It had been quite an awesome thing to be selected in Google Summer of Code for the second time. Along with it, I also got an offer to pursue masters in Johns Hopkins University in Computer Science in upcoming Fall. The god has been great to me! I thank almighty for all this .

Okay, back to work.

So my project this year deals with implementing "Approximate algorithms for inference in graphical models" in the awesome org. pgmpy. I will try to encompass everything that I have understood till now by reading various research papers and the help I had from the mentors in the form of naive questions. (I think I may need to keep the post updating. Below is what I have understood till now.)

What are graphical models?

A graphical model is a probabilistic model where the conditional dependencies between the random variables are specified via a graph. Graphical models provide a flexible framework for modelling large collections of variables with complex interactions.

In this graphical representation, the nodes correspond to the variables in our domain, and the edges correspond to direct probabilistic interactions between them

Graphical models are good in doing the following things:

1. Model Representation
• It allows tractable representation of the joint distribution.
• Very transparent
2. Inference
• It facilitates answering queries using our model of the world.
• For example: algorithms for computing the posterior probability of some variables given the evidence on others.
• Say: we observe that it is night and the owl is howling. We wish to know how likely a theft is going to happen, a query that can be formally be written as P(Theft=true | Time=Night, Conditions=Owl is howling)
3. Learning
• It facilitates the effective construction of these models by learning from data a model that provides a good approximation to our past experience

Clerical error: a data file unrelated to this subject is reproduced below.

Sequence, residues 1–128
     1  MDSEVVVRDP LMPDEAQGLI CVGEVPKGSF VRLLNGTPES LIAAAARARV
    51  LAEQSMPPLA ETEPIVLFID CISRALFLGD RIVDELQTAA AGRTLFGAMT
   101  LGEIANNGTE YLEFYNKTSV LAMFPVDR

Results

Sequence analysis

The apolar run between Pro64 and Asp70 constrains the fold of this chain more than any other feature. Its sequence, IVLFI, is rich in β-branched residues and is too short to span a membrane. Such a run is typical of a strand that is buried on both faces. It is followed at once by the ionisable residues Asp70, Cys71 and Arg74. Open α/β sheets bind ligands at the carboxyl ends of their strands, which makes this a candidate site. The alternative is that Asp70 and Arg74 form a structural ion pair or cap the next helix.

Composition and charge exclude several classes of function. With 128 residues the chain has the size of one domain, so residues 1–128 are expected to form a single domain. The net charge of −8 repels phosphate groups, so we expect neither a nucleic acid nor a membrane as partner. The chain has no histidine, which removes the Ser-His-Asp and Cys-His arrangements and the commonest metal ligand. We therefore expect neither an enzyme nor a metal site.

• They sometimes reveal surprising connections between variables and provide novel insights about a domain.

Why we want to do inference? Ahem!! What is this "inference" actually!

The fundamental inference problem underlying many applications of graphical models is to find the most likely configuration of the probability distribution also called as the MAP (Maximum a Posteriori) assignment. This is what the underlying problem is while solving the stereo vision and protein design problems.

The graphical models that we consider involve discrete random variables. And it is known that a MAP inference can be formulated as an integer linear program.

There are many ways to solve the MAP inference problem namely:

• Message Passing Algorithms: They solve the inference problem by passing messages along the edges of the graph that summarize each variable's beliefs. Better check Yedidia et al., 2005 paper for a gentle introduction in message propagation. However, these algorithms can have trouble converging, and in difficult inference problems tend not to give good results
• LP Relaxation: The LP relaxation is obtained by formulating inference as an integer linear program and then relaxing the integrality constraints on the variables. (More on this later!)

To correctly find the MAP assignment is equivalent to finding the assignment $latex x_m&s=2$ that maximizes

$latex \theta(x) = \Sigma_{ij \in E}\theta_{ij}(x_i, x_j)+\Sigma_{i \in V} \theta_i(x_i)&s=3$